Plaintiffs are neither participants nor beneficiaries in the plans, but rather are health care providers. (FAC ¶ ¶ 15, 48-49). However, as discussed above, Plaintiffs
claim to have standing for their ERISA Counts by virtue of assignments received from the relevant patients. ( Id. ¶ 871).
Defendants argue that the assignments themselves are invalid, as they are insufficiently definite:
Initially, all of Plaintiffs' ERISA claims (including the claim for benefits under ERISA § 502(a)(1)(B)) must be dismissed because they have failed to allege they received a proper assignment from their patients. The assignment that Plaintiffs quote states only that the patient assigns their rights to " PROVIDERS," without naming the providers or otherwise identifying which party obtains the assignment. Am. Compl. P873. Without any allegations demonstrating that these particular Plaintiffs received assignments from their patients, all of Plaintiffs' ERISA claims must be dismissed.
(Omnibus Mot. at 23). Further, Defendants argue that, even if the assignments are sufficiently definite, they would not confer " the right to sue for anything other than a claim for benefits under ERISA § 502(a)(1)(B)." ( Id. ).
The key question becomes, therefore, whether the alleged assignments provide Plaintiffs with standing to bring their ERISA Counts.
1. ERISA Benefits Count (Count I)
a. Assignment of Rights to Benefits Under ERISA
A health care provider may have derivative standing to pursue ERISA benefits if he or she was assigned the right to reimbursement by an ERISA plan beneficiary. See Misic v. Bldg. Serv. Employees Health & Welfare Trust, 789 F.2d 1374, 1377 (9th Cir. 1986) (per curiam) (concluding that a health care provider had standing to sue in place of his assignors, pursuant to valid assignments of the right to reimbursement under a health care plan). See also In re WellPoint, Inc. Out-of-Network UCR Rates Litig. (" WellPoint II" ), 903 F.Supp.2d 880, 896 (C.D. Cal. 2012) (" The Ninth Circuit has long recognized that assignments of benefits are sufficient to convey standing on an assignee to sue a plan directly under § 1132(a)(1)(B)." ).
b. Whether Alleged Assignments Confer Standing for ERISA Benefits Count (Count I)
Although many cases discuss the nuances of assignment breadth, Defendants fail to cite any authority that explicitly addresses the issue of an allegedly indefinite assignee. ( See Omnibus Mot. at 23).
The " Assignment of Rights and Benefits" Plaintiffs allegedly secured from " each patient" purportedly provides as follows:
I authorize my insurance company and/or my healthcare contract with my employer (collectively, the " INSURANCE COMPANY" ) to direct all payments for all professional and medical benefits under my current policy as payment for services rendered directly to PROVIDER(s) and/or FACILITY(s) providing services or their designated associates or assignee(s) (collectively " PROVIDERS" ). I assign, whether signing as patient or patient's agent, all rights and benefits under my contract with my INSURANCE COMPANY, to any and all PROVIDERS. I give express right to PROVIDERS to obtain the insurance and benefits policy booklet, and ALL policy information from INSURANCE COMPANY, employer or any of their associates or agents. I also provide express consent and give full rights to PROVIDERS to appeal on my behalf to INSURANCE COMPANY or my employer or any of their associates or agents for any reason. I also authorize the release of any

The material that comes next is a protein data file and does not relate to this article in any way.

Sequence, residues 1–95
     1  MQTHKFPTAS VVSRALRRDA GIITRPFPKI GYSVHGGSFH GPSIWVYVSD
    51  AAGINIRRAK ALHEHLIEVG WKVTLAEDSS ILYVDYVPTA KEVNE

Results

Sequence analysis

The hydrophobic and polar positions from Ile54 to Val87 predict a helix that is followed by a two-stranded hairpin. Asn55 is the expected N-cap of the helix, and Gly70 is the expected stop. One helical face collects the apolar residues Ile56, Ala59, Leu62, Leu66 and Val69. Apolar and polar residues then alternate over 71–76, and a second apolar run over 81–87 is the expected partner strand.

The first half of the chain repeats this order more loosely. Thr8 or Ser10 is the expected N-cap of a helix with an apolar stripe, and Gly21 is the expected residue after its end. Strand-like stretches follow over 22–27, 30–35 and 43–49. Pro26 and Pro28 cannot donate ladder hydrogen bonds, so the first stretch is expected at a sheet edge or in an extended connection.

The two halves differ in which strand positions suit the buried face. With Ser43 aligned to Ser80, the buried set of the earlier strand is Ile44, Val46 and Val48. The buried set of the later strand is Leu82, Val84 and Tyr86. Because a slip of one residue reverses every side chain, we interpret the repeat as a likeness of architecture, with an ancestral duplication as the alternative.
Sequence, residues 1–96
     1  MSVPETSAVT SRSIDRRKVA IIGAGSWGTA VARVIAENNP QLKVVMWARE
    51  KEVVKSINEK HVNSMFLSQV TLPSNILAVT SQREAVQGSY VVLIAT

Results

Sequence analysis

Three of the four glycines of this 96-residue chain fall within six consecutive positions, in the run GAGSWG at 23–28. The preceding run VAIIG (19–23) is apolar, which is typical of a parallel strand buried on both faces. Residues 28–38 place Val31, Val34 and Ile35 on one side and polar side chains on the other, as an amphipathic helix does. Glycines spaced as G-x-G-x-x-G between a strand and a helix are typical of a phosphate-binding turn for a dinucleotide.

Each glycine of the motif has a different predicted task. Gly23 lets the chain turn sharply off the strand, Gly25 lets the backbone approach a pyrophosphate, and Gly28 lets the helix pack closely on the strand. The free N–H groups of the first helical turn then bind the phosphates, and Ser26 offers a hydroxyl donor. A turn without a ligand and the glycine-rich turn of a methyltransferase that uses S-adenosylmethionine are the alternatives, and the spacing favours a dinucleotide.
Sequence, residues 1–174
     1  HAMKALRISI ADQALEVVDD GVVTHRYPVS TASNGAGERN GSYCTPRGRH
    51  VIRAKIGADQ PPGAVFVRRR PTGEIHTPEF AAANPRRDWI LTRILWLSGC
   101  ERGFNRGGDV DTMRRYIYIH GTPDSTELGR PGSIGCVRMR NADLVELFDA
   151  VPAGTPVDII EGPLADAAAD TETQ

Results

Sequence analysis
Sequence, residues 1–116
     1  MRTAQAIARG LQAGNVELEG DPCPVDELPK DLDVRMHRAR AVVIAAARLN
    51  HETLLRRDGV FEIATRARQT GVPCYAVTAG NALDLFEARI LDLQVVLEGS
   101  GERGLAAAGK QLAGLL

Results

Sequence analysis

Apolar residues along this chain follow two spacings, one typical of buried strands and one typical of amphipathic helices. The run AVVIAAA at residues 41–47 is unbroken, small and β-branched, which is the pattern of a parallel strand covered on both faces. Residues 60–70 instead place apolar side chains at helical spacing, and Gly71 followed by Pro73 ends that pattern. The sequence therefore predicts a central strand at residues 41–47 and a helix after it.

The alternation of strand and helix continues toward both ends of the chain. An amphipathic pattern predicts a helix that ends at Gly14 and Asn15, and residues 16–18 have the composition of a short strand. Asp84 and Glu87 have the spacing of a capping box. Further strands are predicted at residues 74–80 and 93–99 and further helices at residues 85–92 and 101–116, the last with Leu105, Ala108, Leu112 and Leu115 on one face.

information pertinent to my case to any insurance company, adjuster, attorney or other party(s) involved in this case.
I authorize PROVIDERS to initiate complaint(s) to the Insurance Commissioner or any other agency for any reason on my behalf.
The assignment further permits PROVIDERS to obtain from INSURANCE COMPANY and employer or any of their agents or associates all information necessary for the determination of benefits allowed under the contract and permits the direct disclosure to PROVIDERS of all information including benefits provided including benefits & payments made on my behalf, limits and exclusions of benefits and reasons for denial of benefits or reduction in charges for services rendered.
The assignment shall allow PROVIDERS to take all action necessary to obtain the benefits I have, in good faith, been promised by INSURANCE COMPANY and/or employer on my behalf. All benefits are to be paid directly to PROVIDERS and mailed directly to 269 S. Beverly Drive, Suite 353, Beverly Hills, CA 90212. A photocopy of this assignment shall be considered as effective and valid as the original.
I understand that my insurance carrier may disallow certain diagnoses or services as medically uncovered, medically unnecessary, cosmetic or excluded. I agree to be responsible for payment of all such services rendered to the patient.
. . .
This is a direct assignment of my rights and benefits under this policy.
(FAC ¶ 873 (emphasis in original)).
In opposing Defendants' contention that an assignment to " PROVIDERS" is insufficient to provide Plaintiffs with standing, Plaintiffs allege first that this " nitpick" does not reflect the fact that the assignment " does not refer to providers in the abstract," but rather defines " PROVIDERS" in the context of " any or all healthcare providers who render medical services to the patient, including 'their designated associates or assignee(s).'" (Opp. to Omnibus Mot. at 6 (citing FAC ¶ 873)). Plaintiffs later discuss how impractical it would be to receive assignments from patients for specific surgeons and other professionals when patients would receive services from a number of providers at the surgery centers, at multiple surgical facilities, and often on different dates. ( Id. at 7). Plaintiffs further maintain that such an assignment is " both permitted and encouraged" by Misic :